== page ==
Which brings us back to society’s restricted focus on COVID-19 and the
economy.

Listen to the news, to politicians and pundits in this time of crisis.
You will hear virtually no reference to climate change (remember
climate change?), wildfires, biodiversity loss, ocean pollution, sea
level rise, tropical deforestation, land/soil degradation, or human
expansion into wildlands.

Nor is there a hint of understanding that these trends are connected
to each other and to the pandemic.

Discussion in the mainstream focuses doggedly on defeating COVID-19,
facilitating recovery, restoring growth and otherwise getting back to
normal. After all, as Gregory Bateson has written, “That is the
paradigm: Treat the symptom to make the world safe for the pathology.”

Let that sink in: “Normal” is the pathology.

But returning to “normal” guarantees a repeat performance. There will
be other pandemics, potentially worse than COVID-19. (Unless, of
course, some other form of negative feedback gets to us first — as
noted, there is no shortage of potential candidates.)

Consider the present pandemic as yellow flagging for what nature may
yet have in store. Earth will have its revenge. Unless, to avoid full-
on negative feedback, we stand back and re-focus. This means
consciously overriding humans’ natural myopia, thinking generations
ahead and abandoning our perpetual growth narrative.

Surely the time has come to reconsider what seems to have become a
“self-terminating experiment with industrialism.”

To save itself, society must adopt an eco-centric lens. This would
enable us to see the human enterprise as a fully dependent subsystem
of the ecosphere. We need to script a new cultural narrative
consistent with this vision. We must reduce the human ecological
footprint to eliminate overshoot.

Our cultural reset cannot end there. As medical supplies and equipment
run out and supply chains stretch or break, people everywhere are
becoming conscious of hazards associated with today’s increasingly
unsustainable entanglement of nations.

We will have much to celebrate if community self-reliance, resilience
and stability are once again valued more than interdependence,
efficiency and growth. Specialization, globalization and just-in-time
trade in vital commodities have gone too far. COVID-19 has shown that
future security may well reside more in local economic diversity. For
one thing, countries under stress may begin hoarding vital commodities
for domestic use. (As if on cue, on April 3, Donald Trump, president
of Canada’s biggest trading partner, requested 3M to suspend exports
of badly-needed respirator face masks to Canada and Latin America.)
Surely we need permanent policies for the re-localization of vital
economic activities through a strategic approach to import
displacement.

We might also build on the better side of human nature as ironically
invigorated by our collective war on COVID-19. In many places,
society’s fear of disease has been leavened by a revived sense of
community, solidarity, compassion and mutual aid. Recognition that
disease strikes the impoverished hardest and that the pandemic
threatens to widen the income gap has renewed calls for a return to
more progressive taxation and implementation of a national minimum
wage.

The emergency also draws attention to the importance of the informal
care economy — child rearing and elder care are often voluntary and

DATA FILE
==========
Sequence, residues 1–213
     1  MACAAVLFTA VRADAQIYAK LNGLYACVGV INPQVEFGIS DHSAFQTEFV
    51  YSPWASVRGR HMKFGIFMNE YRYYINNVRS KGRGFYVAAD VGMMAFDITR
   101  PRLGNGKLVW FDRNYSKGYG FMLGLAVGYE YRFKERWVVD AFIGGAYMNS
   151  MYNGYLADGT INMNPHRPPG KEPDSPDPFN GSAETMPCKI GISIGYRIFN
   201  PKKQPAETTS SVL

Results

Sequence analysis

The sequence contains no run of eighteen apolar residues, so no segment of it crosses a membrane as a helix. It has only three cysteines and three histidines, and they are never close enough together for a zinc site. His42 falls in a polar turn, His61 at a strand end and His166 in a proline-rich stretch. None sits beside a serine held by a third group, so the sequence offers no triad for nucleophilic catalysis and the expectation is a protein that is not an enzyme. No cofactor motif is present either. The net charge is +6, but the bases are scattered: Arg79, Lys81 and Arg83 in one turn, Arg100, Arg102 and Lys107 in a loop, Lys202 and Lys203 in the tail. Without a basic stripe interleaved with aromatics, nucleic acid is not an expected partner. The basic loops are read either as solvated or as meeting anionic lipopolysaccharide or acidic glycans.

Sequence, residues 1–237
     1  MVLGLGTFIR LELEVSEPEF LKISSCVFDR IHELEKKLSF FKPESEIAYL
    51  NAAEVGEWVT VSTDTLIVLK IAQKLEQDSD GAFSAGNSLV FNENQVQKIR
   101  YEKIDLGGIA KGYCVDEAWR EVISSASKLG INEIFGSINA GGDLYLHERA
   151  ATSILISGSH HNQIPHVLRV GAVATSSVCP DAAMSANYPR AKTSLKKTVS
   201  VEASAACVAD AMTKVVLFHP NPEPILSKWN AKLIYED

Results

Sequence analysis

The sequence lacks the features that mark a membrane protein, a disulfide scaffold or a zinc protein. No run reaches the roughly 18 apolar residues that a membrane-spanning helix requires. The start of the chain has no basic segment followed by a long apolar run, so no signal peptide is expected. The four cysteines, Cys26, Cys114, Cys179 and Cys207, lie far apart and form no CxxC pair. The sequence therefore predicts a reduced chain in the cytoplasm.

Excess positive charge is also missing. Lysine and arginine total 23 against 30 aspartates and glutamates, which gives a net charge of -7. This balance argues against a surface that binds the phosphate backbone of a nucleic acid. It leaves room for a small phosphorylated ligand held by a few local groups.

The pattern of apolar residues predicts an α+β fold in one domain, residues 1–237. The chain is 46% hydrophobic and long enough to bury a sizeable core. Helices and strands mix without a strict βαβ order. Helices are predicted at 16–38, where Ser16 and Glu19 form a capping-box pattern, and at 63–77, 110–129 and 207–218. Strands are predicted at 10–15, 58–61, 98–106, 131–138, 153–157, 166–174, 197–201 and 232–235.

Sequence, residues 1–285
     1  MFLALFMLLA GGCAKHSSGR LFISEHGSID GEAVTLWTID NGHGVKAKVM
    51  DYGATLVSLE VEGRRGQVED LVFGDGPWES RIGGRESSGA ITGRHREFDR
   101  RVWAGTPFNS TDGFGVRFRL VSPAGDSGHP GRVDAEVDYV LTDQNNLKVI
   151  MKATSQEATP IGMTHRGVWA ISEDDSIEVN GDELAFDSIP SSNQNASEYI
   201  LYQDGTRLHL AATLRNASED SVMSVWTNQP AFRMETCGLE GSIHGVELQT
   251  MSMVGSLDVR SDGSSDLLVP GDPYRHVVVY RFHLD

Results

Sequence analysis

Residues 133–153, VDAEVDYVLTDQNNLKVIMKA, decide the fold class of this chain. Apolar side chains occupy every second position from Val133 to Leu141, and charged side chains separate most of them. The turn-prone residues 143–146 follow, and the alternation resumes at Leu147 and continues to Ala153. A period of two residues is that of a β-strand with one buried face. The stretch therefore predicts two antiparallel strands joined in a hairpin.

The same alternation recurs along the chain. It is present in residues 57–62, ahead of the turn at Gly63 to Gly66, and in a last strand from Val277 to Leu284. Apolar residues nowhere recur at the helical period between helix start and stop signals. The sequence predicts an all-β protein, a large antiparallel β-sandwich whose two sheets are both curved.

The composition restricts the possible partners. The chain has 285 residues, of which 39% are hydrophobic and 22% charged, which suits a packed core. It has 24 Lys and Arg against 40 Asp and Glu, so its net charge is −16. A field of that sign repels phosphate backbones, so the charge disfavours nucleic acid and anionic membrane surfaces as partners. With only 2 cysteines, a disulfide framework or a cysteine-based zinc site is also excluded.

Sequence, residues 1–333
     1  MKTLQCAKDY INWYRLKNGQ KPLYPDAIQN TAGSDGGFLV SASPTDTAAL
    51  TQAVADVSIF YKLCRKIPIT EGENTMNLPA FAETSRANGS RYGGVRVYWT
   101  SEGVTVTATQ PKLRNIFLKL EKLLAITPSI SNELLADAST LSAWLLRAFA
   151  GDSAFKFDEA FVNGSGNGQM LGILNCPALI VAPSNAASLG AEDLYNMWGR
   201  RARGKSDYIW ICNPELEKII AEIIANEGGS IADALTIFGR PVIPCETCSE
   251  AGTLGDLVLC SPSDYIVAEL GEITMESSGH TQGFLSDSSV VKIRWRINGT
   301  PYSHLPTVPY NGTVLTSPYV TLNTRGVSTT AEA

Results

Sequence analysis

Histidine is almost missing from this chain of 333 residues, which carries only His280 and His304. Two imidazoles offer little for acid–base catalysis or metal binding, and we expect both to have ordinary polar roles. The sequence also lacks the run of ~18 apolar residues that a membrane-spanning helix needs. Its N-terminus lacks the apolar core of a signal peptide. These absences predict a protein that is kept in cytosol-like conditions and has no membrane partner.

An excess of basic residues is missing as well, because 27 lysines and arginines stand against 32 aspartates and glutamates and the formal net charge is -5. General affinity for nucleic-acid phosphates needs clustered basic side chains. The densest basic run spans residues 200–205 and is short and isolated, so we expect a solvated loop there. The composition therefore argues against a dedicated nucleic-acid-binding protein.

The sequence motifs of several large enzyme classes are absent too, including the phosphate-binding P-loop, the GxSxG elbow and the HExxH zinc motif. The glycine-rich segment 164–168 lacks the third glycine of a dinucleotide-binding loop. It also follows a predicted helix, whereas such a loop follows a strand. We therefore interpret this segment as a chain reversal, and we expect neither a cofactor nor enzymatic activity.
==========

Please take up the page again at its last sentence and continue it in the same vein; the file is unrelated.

historically subsidize our paid economy. And what about renewed public
investment worldwide in girls’ education, women’s health and family
planning? Certainly individual actions are not enough. We are in a
collective crisis that demands collective solutions.

To those still committed to the pre-COVID-19 perpetual-growth-through-
technology paradigm, economic contraction equates to unmitigated
catastrophe. We can give them no hope but to accept a new reality.

Like it or not, we are at the end of growth. The pandemic will
certainly induce a recession and possibly a global depression, likely
reducing gross world product by a quarter.

There are good reasons to think that there can be no “recovery” to
pre-COVID “normal” even if we were foolish enough to try. Ours has
been a debt-leveraged economy. Thousands of marginal firms will be
bankrupted; some will be bought up by others with deeper pockets
(further concentrating wealth) but most will disappear; millions of
people will be left unemployed, possibly impoverished without ongoing
public support.

This heralds a future crisis: GWP and energy consumption have
historically increased in lock-step; industrial economies depend
utterly on abundant cheap energy. After the current short-term demand-
drop surplus dries up, it will be years (if ever) before there is
adequate new supply to replicate pre-pandemic levels of global
economic activity — and there are no adequate “green” substitutes.
Much of the economy will have to be rebuilt to size in ways that
reflect this emergent reality.

And herein lies the great opportunity to salvage global civilization.

Clearing skies and cleaner waters should inspire hopeful ingenuity.
Indeed, if we wish to thrive on a finite planet, we have little choice
but to see the COVID-19 pandemic as preview and our response as dress
rehearsal for the bigger play. Again, the challenge is to engineer a
safe, smooth, controlled contraction of the human enterprise. Surely
it is within our collective imagination to socially construct a system
of globally networked but self-reliant national economies that better
serve the needs of a smaller human family.

The ultimate goal of economic planning everywhere must now turn to
ensuring that humanity can thrive indefinitely and more equitably
within the biophysical means of nature.
"https://thetyee.ca/Analysis/2020/04/06/The-Earth-Is-Telling-Us-We-
Must-Rethink-Our-Growth-Society/"